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Chinese Recipes
Chinese Noodles - Mein or Fun
In China noodles can be made from any flour, something that also applies to some Chinese made pasta! Like pasta in the West, there are many types of noodles commonly available both in restaurants and for home cooking.

Mein or Fun?
98% of all Chinese noodles are made using either wheat flour or rice flour - the split being about 50-50.

1. 麵 Wheat noodles always have a slight yellow appearance and are called 'min' and pronounced 'mein'. The Mandarin character is simplified to 面
2. 粉 Rice noodles always look white (Sometimes opaque white) and will have the Cantonese word 'fun' somewhere in their title.
Nb. Cantonese for rice 米 is 'fan' pronounced 'faan', whilst rice for noodles is 'fan' pronounced 'fun'. Students of Cantonese will know this is no coincidence.
Image: Rice Noodles - Click to Enlarge

There are four other main forms of noodle that are common, although there remain several hundred other versions and specialty dishes from all over Southeast Asia.

3. 拉麵 Hand made noodles are called 'laap mein' and are made from wheat flour. Typically these are found only in Xi'an style restaurants, a few Hong Kong restaurants; or as sold in backstreet restaurants by Chinese muslims who wear small white hats and originate from Qinghai or Xinjiang Provinces.

4. 沙河粉 'sha hor fun', a flat rice noodle that is quite thin and broad. These are usually served hot if white, or cold and with chilli if opaque.

5. 麵絲 Vermicelli noodles are called 'cellophane noodles' or 'fun see'. They are usually opaque or see-through. These are often used in soups, or at more refined social events. I find them particularly tasteless, often congealed into a large lump, slippery to eat, and not worth the hassle. There is a white version that is often crispy and served as a base for presenting other dishes - where it is not expected to be eaten.
5b. Do not confuse the above with 'thin white noodles' when ordering. These are known as 'mai fun' 米粉, which is a general term for any small round and white rice noodle.

6. 杯仔麵 or Cup Noodles are also known as 'pot noodles', 'snack pots', or instant noodles. In the West they come in plastic tubs that may or may not have sachets inside. You add boiling water and wait for 5 minutes before eating.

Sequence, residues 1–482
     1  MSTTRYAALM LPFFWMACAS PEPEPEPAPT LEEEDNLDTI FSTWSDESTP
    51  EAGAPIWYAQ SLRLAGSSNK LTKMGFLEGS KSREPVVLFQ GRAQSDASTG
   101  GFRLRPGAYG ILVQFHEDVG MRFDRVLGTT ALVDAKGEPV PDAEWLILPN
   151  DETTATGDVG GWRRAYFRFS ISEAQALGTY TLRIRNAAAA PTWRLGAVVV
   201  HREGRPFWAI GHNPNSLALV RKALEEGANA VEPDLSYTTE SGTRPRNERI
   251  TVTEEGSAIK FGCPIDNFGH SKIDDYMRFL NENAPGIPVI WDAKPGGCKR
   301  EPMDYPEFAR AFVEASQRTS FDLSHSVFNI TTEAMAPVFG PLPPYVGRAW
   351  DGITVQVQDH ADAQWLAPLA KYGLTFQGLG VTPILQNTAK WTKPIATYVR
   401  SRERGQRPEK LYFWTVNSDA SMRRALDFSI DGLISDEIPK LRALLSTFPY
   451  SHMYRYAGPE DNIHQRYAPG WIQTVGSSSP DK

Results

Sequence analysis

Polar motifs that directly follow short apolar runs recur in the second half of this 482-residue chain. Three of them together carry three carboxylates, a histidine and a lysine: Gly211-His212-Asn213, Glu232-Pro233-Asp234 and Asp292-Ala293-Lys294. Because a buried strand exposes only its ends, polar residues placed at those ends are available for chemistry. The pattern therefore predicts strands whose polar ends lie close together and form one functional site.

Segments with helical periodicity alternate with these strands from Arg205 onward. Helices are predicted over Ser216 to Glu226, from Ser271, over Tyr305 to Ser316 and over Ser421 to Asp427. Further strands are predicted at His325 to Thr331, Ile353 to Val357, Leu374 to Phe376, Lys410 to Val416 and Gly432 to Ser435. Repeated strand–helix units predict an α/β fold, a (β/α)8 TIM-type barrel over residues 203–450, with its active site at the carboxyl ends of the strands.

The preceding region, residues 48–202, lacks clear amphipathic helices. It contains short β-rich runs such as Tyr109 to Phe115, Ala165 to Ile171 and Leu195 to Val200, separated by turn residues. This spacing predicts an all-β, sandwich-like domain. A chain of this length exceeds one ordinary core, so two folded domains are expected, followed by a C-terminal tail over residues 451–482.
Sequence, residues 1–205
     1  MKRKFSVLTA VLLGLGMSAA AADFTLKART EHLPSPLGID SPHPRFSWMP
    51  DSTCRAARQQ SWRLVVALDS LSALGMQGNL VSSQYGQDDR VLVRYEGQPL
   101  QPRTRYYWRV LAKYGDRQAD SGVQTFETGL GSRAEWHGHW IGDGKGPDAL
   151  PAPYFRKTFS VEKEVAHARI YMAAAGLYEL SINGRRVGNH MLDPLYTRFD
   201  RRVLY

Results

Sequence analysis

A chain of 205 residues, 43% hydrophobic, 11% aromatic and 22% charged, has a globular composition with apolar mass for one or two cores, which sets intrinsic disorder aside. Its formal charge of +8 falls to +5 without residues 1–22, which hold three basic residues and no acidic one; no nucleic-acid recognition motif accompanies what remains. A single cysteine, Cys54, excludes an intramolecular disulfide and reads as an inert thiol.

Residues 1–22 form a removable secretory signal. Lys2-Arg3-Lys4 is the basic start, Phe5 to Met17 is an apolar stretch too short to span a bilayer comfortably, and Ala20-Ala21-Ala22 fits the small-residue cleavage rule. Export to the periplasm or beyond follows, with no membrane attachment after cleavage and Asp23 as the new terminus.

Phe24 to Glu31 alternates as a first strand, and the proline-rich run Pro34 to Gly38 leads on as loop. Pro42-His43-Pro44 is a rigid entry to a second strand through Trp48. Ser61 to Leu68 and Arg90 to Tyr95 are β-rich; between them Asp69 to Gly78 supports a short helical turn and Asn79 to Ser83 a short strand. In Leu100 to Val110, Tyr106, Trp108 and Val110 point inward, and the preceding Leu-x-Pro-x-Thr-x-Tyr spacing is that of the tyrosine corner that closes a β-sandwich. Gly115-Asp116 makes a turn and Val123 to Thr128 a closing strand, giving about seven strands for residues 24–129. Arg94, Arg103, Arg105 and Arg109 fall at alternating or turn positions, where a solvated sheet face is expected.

In China these are sold in most corner shops, and come in two types:

6a. Flat-pack where you tip the contents into a saucepan and boil for a couple of minutes, then eat, These are simple, very cheap, and echo Cantonese cuisine. Hungry boys may want to have two of these, and add something like Bisto to make a thicker gravy?

6b. Snack-pots that hold about 1 pint of water. These are normally in waterproof cardboard pots that have 3 sachets inside, each of which you add to the meal. Some contain fresh ingredients, such as dastardly hot pickled chilli's; but normally there are: chicken bouillon mix, dehydrated vegetables, and a fiery chilli sauce. Tip all into the pot, add water and wait 10 minutes, then eat. Stir occasionally if you want to. Quick and Easy.
Image: Chinese Pot Noodles, spicy beef flavour - Click to Enlarge
Image: Chinese Pot Noodles, hot and sour beef flavour with real chillis - Click to Enlarge
Image: Chinese Pot Noodles, chicken and mushroom flavour - Click to Enlarge
Spicy Beef flavour = quite hot Hot and sour Beef + real chilli's Chicken stock and Mushroom
I have found the brand above to be very consistent, and it has improved over time. Inside are the sachets and a fork to eat with. The cost is small averaging Y4 or 40 pence UK per pot. These use the yellow wheat noodles and are delicious in their own way. I often add things like Bisto, garlic, Bouillon etc.

Other brands can be equally as good, or awful depending upon which ones you try. I do not like the versions using rice noodles, which are invariably of vermicelli type.

6c. Unfortunately China is never so simple, so whilst the above 杯仔麵 literally means: 'cup noodle' or 'boi zhi mien', there are other terms frequently in use. 公仔麵 'gung zhi mien' and 快熟麵 'Faai suk mien' could both be equally correct, but can also mean other related dishes as well.

China and geographically close neighbour's all use noodles as a major or minor part of their daily diet.

粉麵 If you just want to obtain noodles in general - like finding them in a supermarket, the general words are 'fun mein' = rice / wheat noodles. This can also be useful in restaurants, where plain boiled rice (which has a tendency to be quite dry) is usually served as default.
This information is as supplied by ourselves, and ably supported by our friends and various internet portals.
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